Tuesday, November 19, 2013

How to train for a Boston Qualfier

In case anyone is curious about what my training looked like over the past few months, here's a recap:

(This will be very boring to non-runners)

Returned from my honeymoon in July weighing 146 pounds.  I'd spent a month on the road first in Germany with students and then in Alaska with my wife.  I started training earnestly on July 20th.

I spent many weeks battling heat and humidity.  Stevie and I don't have air conditioning, which probably helped my body acclimate better, but there were some pretty rough days and nights last summer.  I also spent a lot of time doing laps at our community pool down the street.  My long runs topped out at 15 miles.

In September I started school again, so I had to adjust my training schedule to meet work demands.  During the school year I get up at 6am, am at school by 7am, and leave at the earliest by 3pm.  I started bringing my workout clothes to school with me and running right after work.

I ran the Rock n' Roll Philadelphia Half Marathon in 1:31:33.  By the end of September I'd started doing two-a-days; I'd get up at 5am and run 5 miles, then run between 8 and 12 miles after school.  I was up to 73 miles a week when I developed shin splints and had to take a week and a half off and abandon plans to run the Baltimore Marathon.

Once back on track, I kept the mileage between 60 and 65 miles per week and abandoned two-a-days.  I did speed work on the track every Thursday with some pretty serious sprinting, but hardly did any tempo runs.  I did three 20 milers and one 22 miler.  I did incorporate hills whenever I could, and ran the steps at my school's stadium the same days I did sprints.

I ran six days a week, with long runs on Sundays and rest days on Mondays.

I finally started using a Garmin regularly for the first time, but I still never used music on my runs.

In terms of cross training, I rode my bike the four mile round trip to school and home almost every day. I never set foot in a gym, but did lots of pushups, situps, pullups and arm work involving bricks at home.

My taper was two weeks long.

I'd spent a lot of time over the summer debating whether or not to follow an established training plan.  I even considered shelling out the 100 bucks for a special training program from Runner's World.  I wondered if I would be foolish not to follow professional advice when I had such a lofty goal in mind.  Eventually I did what I always do, which is to make it up as I go along, using experience and listening to my body as guidance.  I was entirely self coached throughout this process, and I'd be lying if I said I wasn't a little proud of that.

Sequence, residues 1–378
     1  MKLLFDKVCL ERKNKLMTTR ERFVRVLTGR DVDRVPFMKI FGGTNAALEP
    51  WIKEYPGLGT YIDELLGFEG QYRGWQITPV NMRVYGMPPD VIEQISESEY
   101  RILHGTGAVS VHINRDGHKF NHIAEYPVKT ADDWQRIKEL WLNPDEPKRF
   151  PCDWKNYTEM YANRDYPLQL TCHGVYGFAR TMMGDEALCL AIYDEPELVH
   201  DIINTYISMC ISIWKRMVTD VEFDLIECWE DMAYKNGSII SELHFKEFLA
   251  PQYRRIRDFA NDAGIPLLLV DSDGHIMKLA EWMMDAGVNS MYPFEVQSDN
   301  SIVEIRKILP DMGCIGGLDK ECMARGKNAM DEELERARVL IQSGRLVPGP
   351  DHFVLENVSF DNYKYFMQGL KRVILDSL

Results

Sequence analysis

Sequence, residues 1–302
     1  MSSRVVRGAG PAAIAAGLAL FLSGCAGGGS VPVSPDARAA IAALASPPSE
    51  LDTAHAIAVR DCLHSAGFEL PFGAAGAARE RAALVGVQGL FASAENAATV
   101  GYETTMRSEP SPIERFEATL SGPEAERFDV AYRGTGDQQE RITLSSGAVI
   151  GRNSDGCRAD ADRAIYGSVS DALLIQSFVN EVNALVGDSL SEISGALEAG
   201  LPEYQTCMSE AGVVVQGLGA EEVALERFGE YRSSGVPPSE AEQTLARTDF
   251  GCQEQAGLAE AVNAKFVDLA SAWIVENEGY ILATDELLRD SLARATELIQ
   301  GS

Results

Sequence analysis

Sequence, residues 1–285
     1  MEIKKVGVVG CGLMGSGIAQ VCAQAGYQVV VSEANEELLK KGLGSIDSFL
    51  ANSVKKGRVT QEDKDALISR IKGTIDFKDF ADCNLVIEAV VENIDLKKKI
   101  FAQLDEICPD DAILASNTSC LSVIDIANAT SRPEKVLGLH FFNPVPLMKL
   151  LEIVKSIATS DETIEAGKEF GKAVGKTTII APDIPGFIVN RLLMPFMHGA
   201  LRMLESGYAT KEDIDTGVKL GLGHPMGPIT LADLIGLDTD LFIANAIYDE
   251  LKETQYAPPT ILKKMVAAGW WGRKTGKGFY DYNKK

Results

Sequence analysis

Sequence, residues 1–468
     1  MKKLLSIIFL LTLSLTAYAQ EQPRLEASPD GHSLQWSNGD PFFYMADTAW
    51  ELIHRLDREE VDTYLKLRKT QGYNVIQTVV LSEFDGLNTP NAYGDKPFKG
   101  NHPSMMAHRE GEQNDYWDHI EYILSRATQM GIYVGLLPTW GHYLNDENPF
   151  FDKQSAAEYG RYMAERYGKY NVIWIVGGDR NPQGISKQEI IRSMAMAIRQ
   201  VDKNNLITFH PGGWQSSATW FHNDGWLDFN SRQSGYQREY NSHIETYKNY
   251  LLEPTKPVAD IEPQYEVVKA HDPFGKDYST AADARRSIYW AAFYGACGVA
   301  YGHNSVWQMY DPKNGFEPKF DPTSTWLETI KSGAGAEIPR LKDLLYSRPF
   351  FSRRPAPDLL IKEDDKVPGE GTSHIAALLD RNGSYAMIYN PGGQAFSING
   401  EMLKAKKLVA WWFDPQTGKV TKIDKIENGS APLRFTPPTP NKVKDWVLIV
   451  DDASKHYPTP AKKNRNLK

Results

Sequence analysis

For my diet I reserved almost as much effort as I did for the physical training.  I cooked and juiced a lot and relied on lots of chicken, pasta, homemade pizza and egg dishes.  I ate a ton of vegetables and fruit, and drank a lot of skim milk.  In the last two weeks before the marathon, I didn't set foot in a restaurant.  By race day I'd managed to shed almost 15 pounds.

It wasn't always an easy process, naturally, but it is certainly nice to look back now and be able to erase the self doubt and worry.  Obviously I ended up making enough smart choices because it all paid off in the end.


  1. Interesting about lack of Tempo runs..... I agree though, they seem to beat you up too much, for the amount of gain obtained(risk > benefit, as we say in medicine). It is all about increasing aerobic capacity with mileage, and leg/stride strength with speed work.
    I love your blog, but now you have met your goal.....
    Joe from Florida

    1. HEy Joe, glad you enjoy the blog! Now that I've met my goal... I'm just going to set more goals. In 2014 I hope to run my first ultra. Someday I hope to run a sub 3 marathon.

  2. I'd be curious how you structured your runs. What was your pacing? How fast did you run your long runs?

    1. This post is from almost four years ago. I honestly don't remember these details from this training cycle.


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